I think of all the things this man has witnessed, worlds that have lived and died on his doorstep, as he picks up his banjolele and plays the latest song I have taught him. I am also reminded that, while we should celebrate and remember our histories, we should also never think that it’s too late to start something new.

As this man picks up his instrument, I see him as a symbol of new beginnings. Some people think, “I’m too old now. I have missed my chance.”

However, if this man can start something new at 87, perhaps we all can take the challenge to make a fresh start….at 47, 67, or 27….

Many people live their lives in the past. If they have a glorious past, they tell the stories of yesterday and look longingly back at days they can never recapture. If they have a past filled with regrets, they look back and feel sorry for themselves, convinced that it’s too late to make something worthwhile of their lives.

However, as long as there is breath in our lungs, we have the opportunity to make a fresh start. George tells stories of the past, but he doesn’t live in the past. He picks up his banjole and does something new for today. Perhaps that is one of the reasons he is still healthy at his age. He doesn’t spend his days weighed down with yesterday.

Picking up a ukulele might not be the answer for you, but perhaps the 87 year old Scottish ukulele man can be an inspiration to you. If you have good memories, be grateful for them. If you have bad memories, remember they are in your past. You are alive today! Pick yourself up and do something for today…and for tomorrow. You’re not dead yet! So get up and live!





Depression is an illness – A response to Robin Williams’ death

12 08 2014

I will never forget the year I struggled with deep depression. I went to a doctor for help, and he gave me a prescription. This was his prescription. He wrote these words on a prescription sheet:

See it through bravely.

Those were just about the worst words anyone could say to someone struggling with depression. Telling someone who is depressed to just get through it or get over it sounds to the mind of the person who is depressed like another way of just saying, “Give up!” To hear those words from a doctor is tantamount to hearing him say, “There is no hope.”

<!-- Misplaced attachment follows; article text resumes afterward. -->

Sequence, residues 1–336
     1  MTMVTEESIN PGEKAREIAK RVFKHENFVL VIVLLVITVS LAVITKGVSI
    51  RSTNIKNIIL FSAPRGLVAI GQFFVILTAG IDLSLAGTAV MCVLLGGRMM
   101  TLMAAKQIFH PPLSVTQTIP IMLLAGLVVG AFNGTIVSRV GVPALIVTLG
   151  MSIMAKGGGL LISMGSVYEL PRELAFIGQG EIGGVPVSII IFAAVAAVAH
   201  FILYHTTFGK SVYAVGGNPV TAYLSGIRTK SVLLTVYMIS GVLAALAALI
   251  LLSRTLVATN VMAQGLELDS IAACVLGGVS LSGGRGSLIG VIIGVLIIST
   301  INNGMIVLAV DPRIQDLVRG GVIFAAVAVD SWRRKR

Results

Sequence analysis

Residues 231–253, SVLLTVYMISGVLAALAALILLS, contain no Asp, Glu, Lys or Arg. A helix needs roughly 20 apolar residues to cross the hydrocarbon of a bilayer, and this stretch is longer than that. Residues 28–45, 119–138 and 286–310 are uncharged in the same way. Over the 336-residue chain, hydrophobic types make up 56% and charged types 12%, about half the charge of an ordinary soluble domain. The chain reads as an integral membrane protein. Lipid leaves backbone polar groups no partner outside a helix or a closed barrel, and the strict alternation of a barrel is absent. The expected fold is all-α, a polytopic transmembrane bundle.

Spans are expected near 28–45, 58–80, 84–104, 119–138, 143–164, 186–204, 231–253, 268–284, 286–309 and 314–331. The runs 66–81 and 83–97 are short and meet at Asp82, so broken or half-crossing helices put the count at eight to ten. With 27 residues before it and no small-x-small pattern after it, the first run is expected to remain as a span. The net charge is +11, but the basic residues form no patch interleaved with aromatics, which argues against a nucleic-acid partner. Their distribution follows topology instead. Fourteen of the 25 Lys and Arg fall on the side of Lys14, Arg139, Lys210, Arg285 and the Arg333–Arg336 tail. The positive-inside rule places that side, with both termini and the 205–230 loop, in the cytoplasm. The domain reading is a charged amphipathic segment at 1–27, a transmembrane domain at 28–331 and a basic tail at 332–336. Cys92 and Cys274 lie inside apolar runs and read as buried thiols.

Fortunately for me there were good friends around who understood that depression is an illness and that there is hope. I was able to find the help I needed, and with God’s help I was able to get out of the oppressive cloud under which I was living during that dark season. I found a reason to live again and moved forward with life with a renewed sense of purpose. I met Karen a few years later, and God has blessed me in uncountable ways.

However, I learned during the worst of times that a lot of people don’t take depression seriously. Some think that it is “all in the mind” and that the person who is suffering just needs to think happy thoughts. However, depression is a real and serious illness that we cannot afford to ignore.

I was one of millions who was shocked to hear about the loss of Robin Williams this week. He was one of the great entertainers of his generation, and from everything I’ve heard it seems he was also a really great person. However, while he made the world laugh, inside he struggled with an illness. And that disease is what apparently eventually claimed his life.

For many years, an unfortunate stigmatism was attached to depression, and for this reason people who struggled with it tended to keep it a secret. This, of course, made the illness even worse because struggling people were made to feel guilty for feeling the way they did even though it wasn’t their choice to feel that way. This stigmatism was even made worse, unfortunately, by many religious people who claimed that if you were sad or depressed that you didn’t have enough faith and condemned people who took their own lives to hell.

Of course, God doesn’t condemn a person for being sick. He loves us and understands us, and we need to seek to love and understand those around us who are suffering. Depression is an illness. It’s just as real as a broken leg. Just because you can’t see it doesn’t make it any less real. He doesn’t want you to take your own life, of course, but that isn’t because He is sitting around waiting to punish you; it’s because your life is valuable, even if it doesn’t feel like it at the moment, and He wants to show you how to live again.